“The truth is that, for those that are being lost in the battle for justice, wherever that fits in any part of the world, we can’t bring them back. What we can do is we can let our voices be heard, and we can vote in our various countries throughout the world for change and for equality for everybody,” he told the audience. “That’s what I know we can do. And I know I’m not everybody, I’m just one person, I’m a human being. But for the gift that God has given me, and for whatever I mean, I decided today that until the Stand Your Ground law is abolished in Florida, I will never perform there again. As a matter of fact, wherever I find that law exists, I will not perform in that state or in that part of the world.”
The whole video is available here:
Wonder’s decision not to play in states that have a law on the books that he finds objectionable has precedent. In 1991, he declined to play concerts in Arizona after the state refused to recognize Martin Luther King Jr.’s birthday, and the National Football League rescinded plans to play the Super Bowl in the state for the same reason, actions that ultimately lead to a reversal of Arizona policy. More recently, in response to Arizona’s passage of SB1070, an immigration law that would have required immigrants to carry papers documenting their status, required law enforcement officers to check on suspects’ documentation status even during minor infractions like routine traffic stops, and imposed penalties on people who provided aid or shelter to undocumented immigrants, a number of musicians decided not to play the state. The action, known as SoundStrike, was organized by Rage Against The Machine’s Zack de la Rocha, and artists including Kanye West, Los Tigres del Norte, and Nine Inch Nails all signed up. Much of SB 1070 was struck down by the Supreme Court in 2012, so it’s hard to tell how much SoundStrike mattered. But there’s no question that refusing to play a state can reinforce the idea that a place is backward or out of touch with the rest of the norms in the rest of the country.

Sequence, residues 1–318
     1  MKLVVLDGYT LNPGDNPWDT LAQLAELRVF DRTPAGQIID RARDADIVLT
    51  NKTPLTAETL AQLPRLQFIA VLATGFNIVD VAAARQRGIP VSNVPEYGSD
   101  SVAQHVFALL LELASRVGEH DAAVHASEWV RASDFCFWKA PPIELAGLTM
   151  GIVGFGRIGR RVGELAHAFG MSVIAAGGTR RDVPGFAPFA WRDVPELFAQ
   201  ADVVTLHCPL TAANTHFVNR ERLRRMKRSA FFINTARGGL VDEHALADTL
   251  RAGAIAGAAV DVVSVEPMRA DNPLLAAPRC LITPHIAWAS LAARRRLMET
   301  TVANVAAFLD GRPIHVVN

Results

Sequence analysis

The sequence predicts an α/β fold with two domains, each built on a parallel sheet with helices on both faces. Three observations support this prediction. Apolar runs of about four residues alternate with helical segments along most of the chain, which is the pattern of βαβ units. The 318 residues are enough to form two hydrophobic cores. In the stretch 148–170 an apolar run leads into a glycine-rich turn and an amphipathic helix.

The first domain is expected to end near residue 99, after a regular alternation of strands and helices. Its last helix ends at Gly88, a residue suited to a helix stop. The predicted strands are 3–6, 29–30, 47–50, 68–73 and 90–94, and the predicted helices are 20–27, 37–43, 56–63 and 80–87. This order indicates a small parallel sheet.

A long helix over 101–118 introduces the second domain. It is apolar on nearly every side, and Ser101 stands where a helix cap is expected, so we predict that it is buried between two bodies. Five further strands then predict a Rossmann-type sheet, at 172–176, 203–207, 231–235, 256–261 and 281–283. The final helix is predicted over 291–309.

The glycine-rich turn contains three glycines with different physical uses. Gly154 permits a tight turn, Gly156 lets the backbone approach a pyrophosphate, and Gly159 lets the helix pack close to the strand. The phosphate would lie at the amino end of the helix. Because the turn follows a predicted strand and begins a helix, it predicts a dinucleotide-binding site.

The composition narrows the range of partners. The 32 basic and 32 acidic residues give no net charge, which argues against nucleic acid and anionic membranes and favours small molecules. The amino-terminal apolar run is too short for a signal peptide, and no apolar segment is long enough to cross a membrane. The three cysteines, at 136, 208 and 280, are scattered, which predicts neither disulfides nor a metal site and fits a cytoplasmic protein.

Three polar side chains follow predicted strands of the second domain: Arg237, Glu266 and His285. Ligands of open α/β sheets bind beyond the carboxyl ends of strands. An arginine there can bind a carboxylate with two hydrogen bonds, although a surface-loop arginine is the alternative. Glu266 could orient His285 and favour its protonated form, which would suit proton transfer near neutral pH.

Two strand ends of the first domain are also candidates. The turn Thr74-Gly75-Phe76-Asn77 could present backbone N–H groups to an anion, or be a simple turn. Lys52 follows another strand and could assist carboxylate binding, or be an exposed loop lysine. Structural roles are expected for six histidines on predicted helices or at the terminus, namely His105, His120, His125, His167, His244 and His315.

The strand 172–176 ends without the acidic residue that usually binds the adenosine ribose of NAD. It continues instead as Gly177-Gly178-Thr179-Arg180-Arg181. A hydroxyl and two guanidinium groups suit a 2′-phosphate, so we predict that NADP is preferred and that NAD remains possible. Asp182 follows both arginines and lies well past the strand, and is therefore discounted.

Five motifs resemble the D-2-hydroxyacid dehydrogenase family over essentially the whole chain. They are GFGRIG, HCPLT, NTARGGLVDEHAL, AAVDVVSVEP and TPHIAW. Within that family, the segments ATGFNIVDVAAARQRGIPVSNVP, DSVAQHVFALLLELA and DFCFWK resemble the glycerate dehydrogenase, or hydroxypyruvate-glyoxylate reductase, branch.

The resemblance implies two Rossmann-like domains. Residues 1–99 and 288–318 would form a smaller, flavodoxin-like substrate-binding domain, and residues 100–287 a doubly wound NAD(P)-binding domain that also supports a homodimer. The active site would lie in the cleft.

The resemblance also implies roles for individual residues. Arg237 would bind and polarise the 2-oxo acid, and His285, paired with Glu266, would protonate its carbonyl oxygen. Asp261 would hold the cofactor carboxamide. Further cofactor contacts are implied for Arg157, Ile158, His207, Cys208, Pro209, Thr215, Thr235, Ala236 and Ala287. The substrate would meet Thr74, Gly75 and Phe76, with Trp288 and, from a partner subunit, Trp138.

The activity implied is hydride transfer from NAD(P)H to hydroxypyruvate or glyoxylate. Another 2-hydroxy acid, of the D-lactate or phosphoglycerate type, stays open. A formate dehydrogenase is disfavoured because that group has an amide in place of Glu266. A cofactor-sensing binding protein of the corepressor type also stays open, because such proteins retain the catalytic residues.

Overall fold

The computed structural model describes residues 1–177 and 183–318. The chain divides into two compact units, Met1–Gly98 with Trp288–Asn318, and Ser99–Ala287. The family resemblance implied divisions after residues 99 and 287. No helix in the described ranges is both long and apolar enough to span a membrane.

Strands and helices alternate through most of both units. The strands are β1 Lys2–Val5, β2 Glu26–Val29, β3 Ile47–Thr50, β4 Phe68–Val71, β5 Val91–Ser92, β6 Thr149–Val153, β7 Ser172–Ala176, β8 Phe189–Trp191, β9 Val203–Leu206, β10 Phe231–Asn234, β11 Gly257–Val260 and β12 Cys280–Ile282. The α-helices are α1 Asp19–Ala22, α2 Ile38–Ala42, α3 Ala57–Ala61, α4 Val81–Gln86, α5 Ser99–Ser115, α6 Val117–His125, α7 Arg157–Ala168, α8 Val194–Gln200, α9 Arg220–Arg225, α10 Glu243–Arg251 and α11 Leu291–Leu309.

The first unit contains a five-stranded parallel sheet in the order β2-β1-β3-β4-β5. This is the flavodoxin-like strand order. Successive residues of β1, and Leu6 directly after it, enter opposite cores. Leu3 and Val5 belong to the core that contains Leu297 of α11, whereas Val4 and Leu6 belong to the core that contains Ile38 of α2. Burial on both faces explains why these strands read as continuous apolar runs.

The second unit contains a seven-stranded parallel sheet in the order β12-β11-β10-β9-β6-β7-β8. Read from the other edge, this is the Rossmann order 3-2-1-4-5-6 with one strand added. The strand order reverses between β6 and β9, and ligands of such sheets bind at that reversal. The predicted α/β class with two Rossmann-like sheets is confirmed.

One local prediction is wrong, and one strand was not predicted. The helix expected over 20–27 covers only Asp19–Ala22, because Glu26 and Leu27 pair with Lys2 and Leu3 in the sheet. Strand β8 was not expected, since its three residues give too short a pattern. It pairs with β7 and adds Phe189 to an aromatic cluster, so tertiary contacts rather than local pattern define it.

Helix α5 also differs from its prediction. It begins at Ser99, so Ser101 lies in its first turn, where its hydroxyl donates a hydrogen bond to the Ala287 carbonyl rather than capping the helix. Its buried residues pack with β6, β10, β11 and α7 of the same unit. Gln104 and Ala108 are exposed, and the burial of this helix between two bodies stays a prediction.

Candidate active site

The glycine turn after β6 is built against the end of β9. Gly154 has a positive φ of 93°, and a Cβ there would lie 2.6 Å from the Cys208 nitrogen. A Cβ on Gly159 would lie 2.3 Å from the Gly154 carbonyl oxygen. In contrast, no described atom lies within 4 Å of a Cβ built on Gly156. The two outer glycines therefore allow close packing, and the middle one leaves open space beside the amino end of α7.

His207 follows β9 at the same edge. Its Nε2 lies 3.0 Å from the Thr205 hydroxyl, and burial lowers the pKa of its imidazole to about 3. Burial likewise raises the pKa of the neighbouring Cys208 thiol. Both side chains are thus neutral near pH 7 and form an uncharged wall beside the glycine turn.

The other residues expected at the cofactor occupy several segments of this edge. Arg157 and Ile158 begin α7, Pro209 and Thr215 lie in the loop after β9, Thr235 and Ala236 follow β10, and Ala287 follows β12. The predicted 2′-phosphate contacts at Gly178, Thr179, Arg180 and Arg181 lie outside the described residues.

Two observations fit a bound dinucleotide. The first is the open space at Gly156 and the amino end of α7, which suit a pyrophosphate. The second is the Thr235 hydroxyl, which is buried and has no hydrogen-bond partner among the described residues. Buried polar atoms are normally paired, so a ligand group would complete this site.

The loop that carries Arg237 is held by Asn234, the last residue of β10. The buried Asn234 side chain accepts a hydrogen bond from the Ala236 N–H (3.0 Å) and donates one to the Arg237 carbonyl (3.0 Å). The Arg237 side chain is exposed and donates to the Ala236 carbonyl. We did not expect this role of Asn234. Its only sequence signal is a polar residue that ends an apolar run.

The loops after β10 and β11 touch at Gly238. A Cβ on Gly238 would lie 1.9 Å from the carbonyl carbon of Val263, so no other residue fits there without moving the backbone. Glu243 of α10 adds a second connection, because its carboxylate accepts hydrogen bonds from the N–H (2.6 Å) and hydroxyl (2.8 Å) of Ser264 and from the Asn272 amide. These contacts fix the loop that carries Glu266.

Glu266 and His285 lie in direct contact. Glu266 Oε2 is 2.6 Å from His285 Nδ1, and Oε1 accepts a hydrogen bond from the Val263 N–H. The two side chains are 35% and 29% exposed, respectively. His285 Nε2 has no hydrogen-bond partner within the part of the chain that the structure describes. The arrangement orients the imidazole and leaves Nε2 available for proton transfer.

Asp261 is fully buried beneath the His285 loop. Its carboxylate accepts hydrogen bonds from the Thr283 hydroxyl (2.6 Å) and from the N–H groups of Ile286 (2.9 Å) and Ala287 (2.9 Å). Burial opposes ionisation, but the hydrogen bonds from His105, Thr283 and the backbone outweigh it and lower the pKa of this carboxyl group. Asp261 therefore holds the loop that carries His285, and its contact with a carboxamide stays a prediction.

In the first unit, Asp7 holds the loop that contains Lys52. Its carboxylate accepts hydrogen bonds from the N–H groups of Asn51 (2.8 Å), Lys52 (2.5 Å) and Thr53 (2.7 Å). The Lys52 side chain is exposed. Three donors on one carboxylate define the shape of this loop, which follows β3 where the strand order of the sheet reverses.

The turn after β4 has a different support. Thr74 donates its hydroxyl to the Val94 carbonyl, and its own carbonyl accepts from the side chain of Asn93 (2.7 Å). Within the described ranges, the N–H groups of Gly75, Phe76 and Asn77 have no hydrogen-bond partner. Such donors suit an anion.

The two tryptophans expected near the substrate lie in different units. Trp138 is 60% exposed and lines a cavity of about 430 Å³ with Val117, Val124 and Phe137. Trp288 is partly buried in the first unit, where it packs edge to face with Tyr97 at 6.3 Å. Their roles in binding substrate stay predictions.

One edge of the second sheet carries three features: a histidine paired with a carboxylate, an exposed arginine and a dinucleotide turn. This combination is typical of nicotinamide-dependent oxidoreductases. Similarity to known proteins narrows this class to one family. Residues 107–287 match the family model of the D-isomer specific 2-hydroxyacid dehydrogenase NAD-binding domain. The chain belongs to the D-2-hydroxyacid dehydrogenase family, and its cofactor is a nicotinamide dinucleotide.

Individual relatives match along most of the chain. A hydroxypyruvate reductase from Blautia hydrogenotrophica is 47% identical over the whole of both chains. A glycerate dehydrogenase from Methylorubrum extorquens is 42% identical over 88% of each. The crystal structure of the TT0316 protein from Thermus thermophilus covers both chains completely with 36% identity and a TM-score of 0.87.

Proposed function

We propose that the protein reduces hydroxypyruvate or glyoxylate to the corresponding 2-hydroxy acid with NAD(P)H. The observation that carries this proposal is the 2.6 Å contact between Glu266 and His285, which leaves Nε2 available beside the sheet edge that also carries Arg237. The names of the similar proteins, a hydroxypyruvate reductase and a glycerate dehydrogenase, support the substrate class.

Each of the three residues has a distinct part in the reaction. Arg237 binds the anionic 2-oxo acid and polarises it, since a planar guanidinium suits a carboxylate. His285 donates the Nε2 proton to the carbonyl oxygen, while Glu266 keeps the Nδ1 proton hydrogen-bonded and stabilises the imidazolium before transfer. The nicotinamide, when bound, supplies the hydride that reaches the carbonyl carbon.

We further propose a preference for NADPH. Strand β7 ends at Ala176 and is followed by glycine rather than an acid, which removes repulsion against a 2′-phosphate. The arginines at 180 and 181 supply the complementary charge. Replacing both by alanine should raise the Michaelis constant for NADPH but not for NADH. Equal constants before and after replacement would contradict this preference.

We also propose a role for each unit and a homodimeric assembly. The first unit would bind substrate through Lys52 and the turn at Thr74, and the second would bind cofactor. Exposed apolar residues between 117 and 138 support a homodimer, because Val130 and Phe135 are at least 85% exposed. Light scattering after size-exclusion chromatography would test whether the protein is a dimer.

And Wonder’s decision not to play Stand Your Ground states could also help personalize the reaction to the law, and not just by denying music lovers a chance to see the artists that they love. Just as Los Tigres del Norte explained that playing in Arizona would expose them and their fans to racial profiling, Wonder would be justified in arguing that Stand Your Ground laws pose danger to himself, his crew, and his audience. After soul musician Lester Chambers was assaulted on stage for dedicating a song to Trayvon Martin, it’s not unreasonable for musicians, particularly those without Wonder’s profile and security, to consider whether or not they might face threats or violence at smaller venues. And even more specifically, it’s perfectly reasonable for musicians of all profiles to worry about a law that might make it harder to convict someone who attacked them, a member of their band or crew, or someone in their audience.
Knowing you have the protection of the law is an important part of the working conditions you’re willing to accept, and for someone like Wonder, whose work is highly mobile, being clear about where you’re willing to draw the line is a useful thing to do. Not everyone has that luxury, but it’s great that Wonder’s willing to take some financial hits to speak up for those who have less ability to exit the states where they live and work in response to laws that make them feel unsafe. Now let’s just hope that with Wonder providing the cultural capital, Michael Bloomberg providing money through Mayors Against Illegal Guns, the the immense hunger for productive action that gnaws at so many of us in the wake of the Zimmerman verdict, this can be a moment of positive mobilization for the people in Florida who don’t have Wonder’s options, rather than simply disgust and surrender.